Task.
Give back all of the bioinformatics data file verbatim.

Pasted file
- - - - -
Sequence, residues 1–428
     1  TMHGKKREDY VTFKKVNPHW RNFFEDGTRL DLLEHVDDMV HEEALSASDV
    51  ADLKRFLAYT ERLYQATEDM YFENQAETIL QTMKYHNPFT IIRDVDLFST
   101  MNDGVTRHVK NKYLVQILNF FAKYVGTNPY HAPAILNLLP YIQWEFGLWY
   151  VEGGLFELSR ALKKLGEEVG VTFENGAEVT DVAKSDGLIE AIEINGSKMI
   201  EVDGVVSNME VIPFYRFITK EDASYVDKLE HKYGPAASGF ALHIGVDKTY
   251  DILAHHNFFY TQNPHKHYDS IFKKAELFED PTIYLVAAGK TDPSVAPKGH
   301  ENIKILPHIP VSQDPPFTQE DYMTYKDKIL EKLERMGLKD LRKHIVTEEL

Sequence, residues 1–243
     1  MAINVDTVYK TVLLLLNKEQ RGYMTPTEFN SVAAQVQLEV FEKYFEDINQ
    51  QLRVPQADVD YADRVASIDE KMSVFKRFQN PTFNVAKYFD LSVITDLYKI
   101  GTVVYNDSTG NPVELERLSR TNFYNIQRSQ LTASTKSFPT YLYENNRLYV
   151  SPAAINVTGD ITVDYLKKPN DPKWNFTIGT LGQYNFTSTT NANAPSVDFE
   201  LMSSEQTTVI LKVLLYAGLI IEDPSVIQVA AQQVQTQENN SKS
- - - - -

Sequence, residues 1–428
     1  TMHGKKREDY VTFKKVNPHW RNFFEDGTRL DLLEHVDDMV HEEALSASDV
    51  ADLKRFLAYT ERLYQATEDM YFENQAETIL QTMKYHNPFT IIRDVDLFST
   101  MNDGVTRHVK NKYLVQILNF FAKYVGTNPY HAPAILNLLP YIQWEFGLWY
   151  VEGGLFELSR ALKKLGEEVG VTFENGAEVT DVAKSDGLIE AIEINGSKMI
   201  EVDGVVSNME VIPFYRFITK EDASYVDKLE HKYGPAASGF ALHIGVDKTY
   251  DILAHHNFFY TQNPHKHYDS IFKKAELFED PTIYLVAAGK TDPSVAPKGH
   301  ENIKILPHIP VSQDPPFTQE DYMTYKDKIL EKLERMGLKD LRKHIVTEEL

Sequence, residues 1–243
     1  MAINVDTVYK TVLLLLNKEQ RGYMTPTEFN SVAAQVQLEV FEKYFEDINQ
    51  QLRVPQADVD YADRVASIDE KMSVFKRFQN PTFNVAKYFD LSVITDLYKI
   101  GTVVYNDSTG NPVELERLSR TNFYNIQRSQ LTASTKSFPT YLYENNRLYV
   151  SPAAINVTGD ITVDYLKKPN DPKWNFTIGT LGQYNFTSTT NANAPSVDFE
   201  LMSSEQTTVI LKVLLYAGLI IEDPSVIQVA AQQVQTQENN SKS